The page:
A Texas man calling himself a “Bitcoin Doctor” admitted to operating an illegal cryptocurrency trading business, converting cash into Bitcoin. He will face a five-year sentence in federal prison.
Cryptocurrency exchange operator pleads guilty
The U.S. Department of Justice (DOJ) announced on Tuesday that Texas resident Mark Alexander Hopkins has admitted to “illegally operating a cash-to-cryptocurrency conversion business.”
The 42-year-old man who calls himself a “Bitcoin Doctor” pleaded guilty to operating an unlicensed money transfer business. Acting U.S. Attorney Prerak Shah explained in detail:
The defendant ignored federal laws and allowed fraudsters to use Bitcoin to operate under the surveillance of law enforcement agencies. We are determined to clear the Bitcoin market for anyone who intends to help criminals hide illegal profits in crypto wallets.
Hopkins admitted to operating a cryptocurrency trading business, converting U.S. dollars into cryptocurrencies, mainly Bitcoin, and charging fees. He also admitted that he often sends BTC to customers’ encrypted wallets without taking additional measures to verify the source of cash.
Court documents show that Hopkins helped a customer identified as “MH” convert U.S. dollars from a lottery scam he conducted in Nigeria to Bitcoin. In about a year, he made 37 transactions with scammers, amounting to between 550,000 and 1.5 million U.S. dollars.
According to the Ministry of Justice:
Hopkins admitted that he promised not to participate in the details of MH business transactions, but told MH how to circumvent financial institution reporting requirements by keeping deposits below $9,500, and instructed MH to lie to financial institutions regarding business purposes.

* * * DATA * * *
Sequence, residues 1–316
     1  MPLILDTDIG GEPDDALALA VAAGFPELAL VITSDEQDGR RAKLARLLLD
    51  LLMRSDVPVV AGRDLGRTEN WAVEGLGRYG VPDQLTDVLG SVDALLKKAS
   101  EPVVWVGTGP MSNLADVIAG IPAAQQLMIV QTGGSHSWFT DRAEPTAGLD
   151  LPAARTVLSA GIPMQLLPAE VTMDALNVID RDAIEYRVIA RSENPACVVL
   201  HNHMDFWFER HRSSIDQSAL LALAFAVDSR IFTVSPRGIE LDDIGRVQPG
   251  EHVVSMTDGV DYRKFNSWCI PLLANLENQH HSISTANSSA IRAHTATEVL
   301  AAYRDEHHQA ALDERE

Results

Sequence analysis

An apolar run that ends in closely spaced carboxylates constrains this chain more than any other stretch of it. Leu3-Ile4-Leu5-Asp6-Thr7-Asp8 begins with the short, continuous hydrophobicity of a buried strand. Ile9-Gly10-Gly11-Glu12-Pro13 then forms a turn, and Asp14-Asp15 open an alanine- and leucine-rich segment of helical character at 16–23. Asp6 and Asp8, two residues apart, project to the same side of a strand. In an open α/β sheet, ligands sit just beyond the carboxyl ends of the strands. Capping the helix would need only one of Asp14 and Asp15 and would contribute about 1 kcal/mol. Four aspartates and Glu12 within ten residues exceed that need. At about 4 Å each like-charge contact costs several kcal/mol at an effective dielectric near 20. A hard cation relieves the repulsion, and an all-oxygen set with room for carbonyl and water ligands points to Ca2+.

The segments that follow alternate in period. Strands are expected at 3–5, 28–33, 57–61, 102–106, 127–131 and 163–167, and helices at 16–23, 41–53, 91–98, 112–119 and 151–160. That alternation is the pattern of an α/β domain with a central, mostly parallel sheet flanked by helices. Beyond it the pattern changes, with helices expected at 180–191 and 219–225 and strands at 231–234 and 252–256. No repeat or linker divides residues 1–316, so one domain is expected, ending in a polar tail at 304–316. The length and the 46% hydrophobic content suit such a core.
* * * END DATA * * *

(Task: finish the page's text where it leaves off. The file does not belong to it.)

Hopkins admitted that he was not licensed to conduct cryptocurrency transactions in the state, nor was he registered as a remittance business with the Financial Crimes Enforcement Network (FinCEN) under the U.S. Department of the Treasury.
Pointing out that the defendant “failed to comply with a federal law requiring remittance companies to verify the customer’s name, date of birth, and address — a law designed to identify persons engaged in illegal activities — and failed to submit a report on high-value currency transactions. Cash transactions,” The U.S. Department of Justice stated:
Hopkins is now facing up to five years in federal prison.
Do you think this Bitcoin doctor should go to jail for five years? Let us know in the comments section below.
Image Source: Shutterstock, Pixabay, Wikimedia Commons
Disclaimer: This article is for reference only. It is not a direct offer or invitation to buy or sell, nor is it a recommendation or endorsement of any product, service or company. Bitcoin.com does not provide investment, tax, legal or accounting advice. The company or the author shall not bear direct or indirect responsibility for any damage or loss caused or claimed to be caused by using or relying on any content, goods or services mentioned in this article.